But just because videotaping women’s naked bodies seems confined to this one jail doesn’t mean that women in other jails and prisons have the right to bodily autonomy and privacy. Every jail and prison allows strip searches, a way that staff can–and do–sexually humiliate and abuse the people that they guard. Strip searches are not covered by legislation designed to prevent sexual abuse, such as the Prison Rape Elimination Act, which criminalizes sexual harassment, abuse and assault behind bars. While some systems have policies that prohibit cross-gender searching in an attempt to limit the potential for sexual abuse, even these fall short in systems that fail to respect the bodies and the dignity of the people inside.
Andrea James, who was incarcerated in the federal prison in Danbury (where Orange is the New Black takes place) and is a founding member of advocacy group Families for Justice as Healing, had never heard stories of videotaping strip searches. But she did have stories about sexual abuse by staff. According to policy in Danbury and all other federal prisons, staff members of the opposite gender are not permitted to be in the shower area or in a position to view women’s breasts, buttocks or genitalia (except in exigent circumstances). However, these policies seemed to be rarely enforced and, when breached, even more rarely addressed. In an email, James told me:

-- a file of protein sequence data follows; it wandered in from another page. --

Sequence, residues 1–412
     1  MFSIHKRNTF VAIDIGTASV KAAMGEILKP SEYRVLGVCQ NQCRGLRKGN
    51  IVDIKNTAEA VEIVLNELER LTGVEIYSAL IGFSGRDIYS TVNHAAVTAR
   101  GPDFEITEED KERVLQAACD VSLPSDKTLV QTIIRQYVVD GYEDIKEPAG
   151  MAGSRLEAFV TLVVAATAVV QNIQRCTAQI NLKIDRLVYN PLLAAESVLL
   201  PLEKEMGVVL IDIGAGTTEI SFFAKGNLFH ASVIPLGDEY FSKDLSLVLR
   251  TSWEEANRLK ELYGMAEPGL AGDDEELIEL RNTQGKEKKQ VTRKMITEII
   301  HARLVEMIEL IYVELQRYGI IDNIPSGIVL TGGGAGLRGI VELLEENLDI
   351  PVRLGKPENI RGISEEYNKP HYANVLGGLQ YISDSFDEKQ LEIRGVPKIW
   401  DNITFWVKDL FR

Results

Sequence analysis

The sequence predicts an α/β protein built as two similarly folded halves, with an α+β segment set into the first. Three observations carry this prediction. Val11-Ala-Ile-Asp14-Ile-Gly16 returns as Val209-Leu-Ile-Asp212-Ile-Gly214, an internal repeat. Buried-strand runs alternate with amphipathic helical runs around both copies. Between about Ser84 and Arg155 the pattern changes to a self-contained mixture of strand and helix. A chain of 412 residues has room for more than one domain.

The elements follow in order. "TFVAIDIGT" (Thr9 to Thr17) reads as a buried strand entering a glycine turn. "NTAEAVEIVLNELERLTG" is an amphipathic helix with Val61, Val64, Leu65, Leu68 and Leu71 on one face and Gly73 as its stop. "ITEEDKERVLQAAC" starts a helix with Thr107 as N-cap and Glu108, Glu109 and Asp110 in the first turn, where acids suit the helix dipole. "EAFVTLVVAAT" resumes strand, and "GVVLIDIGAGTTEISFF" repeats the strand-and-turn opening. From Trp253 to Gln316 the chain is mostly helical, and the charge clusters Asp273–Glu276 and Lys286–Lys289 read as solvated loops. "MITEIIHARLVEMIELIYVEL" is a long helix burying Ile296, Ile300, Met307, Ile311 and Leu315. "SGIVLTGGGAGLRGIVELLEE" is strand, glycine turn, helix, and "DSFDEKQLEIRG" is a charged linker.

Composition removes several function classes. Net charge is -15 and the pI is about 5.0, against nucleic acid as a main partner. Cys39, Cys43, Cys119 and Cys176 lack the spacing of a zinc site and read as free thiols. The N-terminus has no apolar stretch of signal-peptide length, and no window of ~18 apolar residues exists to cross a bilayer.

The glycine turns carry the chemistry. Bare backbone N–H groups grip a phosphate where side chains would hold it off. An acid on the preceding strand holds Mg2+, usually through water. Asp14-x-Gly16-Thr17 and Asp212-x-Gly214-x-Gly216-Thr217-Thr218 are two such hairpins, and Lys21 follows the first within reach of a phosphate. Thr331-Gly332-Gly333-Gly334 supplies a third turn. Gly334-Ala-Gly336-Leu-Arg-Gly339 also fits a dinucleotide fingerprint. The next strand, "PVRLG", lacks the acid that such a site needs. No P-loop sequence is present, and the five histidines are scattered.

It was not unusual for men to walk freely and unannounced throughout our living quarters and bathroom/shower areas. It was an everyday, all day thing. One time when I was showering a male officer walked through the shower area unannounced and when I screamed an obscenity at him he reported me to Keisha Perkins (the federal camp counselor at Danbury, the same woman who was just arrested and charged with accepting bribes to make early release recommendations). After questioning me about whether I called the officer the obscenity, Perkins told me that the male guards could walk anywhere they wanted to at any time, so long as they don’t walk up to my shower stall and throw back the curtain, they can go anywhere at any time, unannounced.
After Baggett v. Ashe was filed, the jail all but eliminated allowing male guards to videotape strip searches. “Now it happens less than one percent of the time,” attorney David Milton, who represented the 178 women, stated in May while awaiting the court’s decision. “If we’re successful, we hope that the success of this lawsuit will send a message that women prisoners retain a core of human dignity and privacy that cannot be violated.”
Last week, on August 26, 2014, a federal judge did send that message, stating, “In sum, no legitimate penological interest justified the regular practice of using male officers to videotape female inmates while they were being strip searched.”
Who do we think is entitled to privacy? Is it a right that gets taken away if you get arrested? What about if you become famous? Privacy shouldn’t be seen as a privilege; it should be a right that is respected for all people, regardless of gender, fame or circumstances.
Victoria Law is a freelance editor and writer. She frequently writes about intersections of incarceration, gender and resistance. She enjoys reading dystopic fiction to escape the realities of the U.S. prison system.